If Congress doesn’t act before February 27, the Department of Homeland Security is going to run out of money and go into a partial shutdown. (Eighty-five percent of employees would still be working, but they wouldn’t be getting paid.)
But the nonchalance with which both parties are treating the prospect of a Department of Homeland Security shutdown raises a big policy question: why does the department even exist?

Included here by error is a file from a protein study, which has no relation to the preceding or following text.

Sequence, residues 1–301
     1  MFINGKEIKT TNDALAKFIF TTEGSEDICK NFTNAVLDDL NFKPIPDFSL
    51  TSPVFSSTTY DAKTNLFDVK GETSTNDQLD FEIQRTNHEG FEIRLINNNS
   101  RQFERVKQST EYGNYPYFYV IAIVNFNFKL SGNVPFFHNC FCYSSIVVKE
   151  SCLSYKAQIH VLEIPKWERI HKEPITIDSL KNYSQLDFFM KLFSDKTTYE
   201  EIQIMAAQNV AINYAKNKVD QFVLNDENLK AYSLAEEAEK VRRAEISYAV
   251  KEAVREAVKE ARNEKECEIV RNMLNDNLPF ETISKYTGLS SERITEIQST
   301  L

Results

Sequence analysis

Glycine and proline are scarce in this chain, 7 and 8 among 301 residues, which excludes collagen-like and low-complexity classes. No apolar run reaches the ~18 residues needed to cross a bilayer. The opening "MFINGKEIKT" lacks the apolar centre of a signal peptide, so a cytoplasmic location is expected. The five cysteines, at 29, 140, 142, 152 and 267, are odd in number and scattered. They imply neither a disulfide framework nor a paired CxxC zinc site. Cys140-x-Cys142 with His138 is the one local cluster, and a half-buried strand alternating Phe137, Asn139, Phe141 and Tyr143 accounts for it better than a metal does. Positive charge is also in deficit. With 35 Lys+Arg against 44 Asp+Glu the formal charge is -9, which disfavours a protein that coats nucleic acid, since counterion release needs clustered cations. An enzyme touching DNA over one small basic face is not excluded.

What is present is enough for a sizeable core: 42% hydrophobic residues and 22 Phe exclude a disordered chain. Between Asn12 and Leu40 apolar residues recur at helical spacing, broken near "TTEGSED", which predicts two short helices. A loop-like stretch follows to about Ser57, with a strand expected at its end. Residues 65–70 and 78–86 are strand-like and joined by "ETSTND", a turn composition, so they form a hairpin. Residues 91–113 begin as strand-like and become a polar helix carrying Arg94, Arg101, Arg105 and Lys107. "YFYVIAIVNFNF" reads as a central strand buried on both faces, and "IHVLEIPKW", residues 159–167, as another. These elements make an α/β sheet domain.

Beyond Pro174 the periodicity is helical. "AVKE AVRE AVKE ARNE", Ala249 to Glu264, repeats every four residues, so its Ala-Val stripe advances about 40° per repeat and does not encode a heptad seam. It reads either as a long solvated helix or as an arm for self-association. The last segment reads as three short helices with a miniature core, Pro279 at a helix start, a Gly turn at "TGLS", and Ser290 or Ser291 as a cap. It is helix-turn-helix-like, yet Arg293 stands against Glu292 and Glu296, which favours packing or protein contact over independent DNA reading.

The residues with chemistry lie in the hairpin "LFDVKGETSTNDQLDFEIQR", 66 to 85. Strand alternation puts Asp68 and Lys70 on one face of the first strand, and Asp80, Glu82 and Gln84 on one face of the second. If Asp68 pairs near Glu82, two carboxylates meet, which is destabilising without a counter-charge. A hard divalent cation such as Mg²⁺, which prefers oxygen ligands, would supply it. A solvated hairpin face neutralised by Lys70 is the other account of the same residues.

The answer is that it shouldn’t, and it never should have. DHS was a mistake to begin with. Instead of solving the coordination problems it was supposed to solve, it simply duplicated efforts already happening in other federal departments. And attempts to control and distinguish the department have politicized it to the point where it can’t function smoothly — and might be threatening national security.
The answer appears to be that the problems built deep in the department haven’t aided national security — and might have damaged it.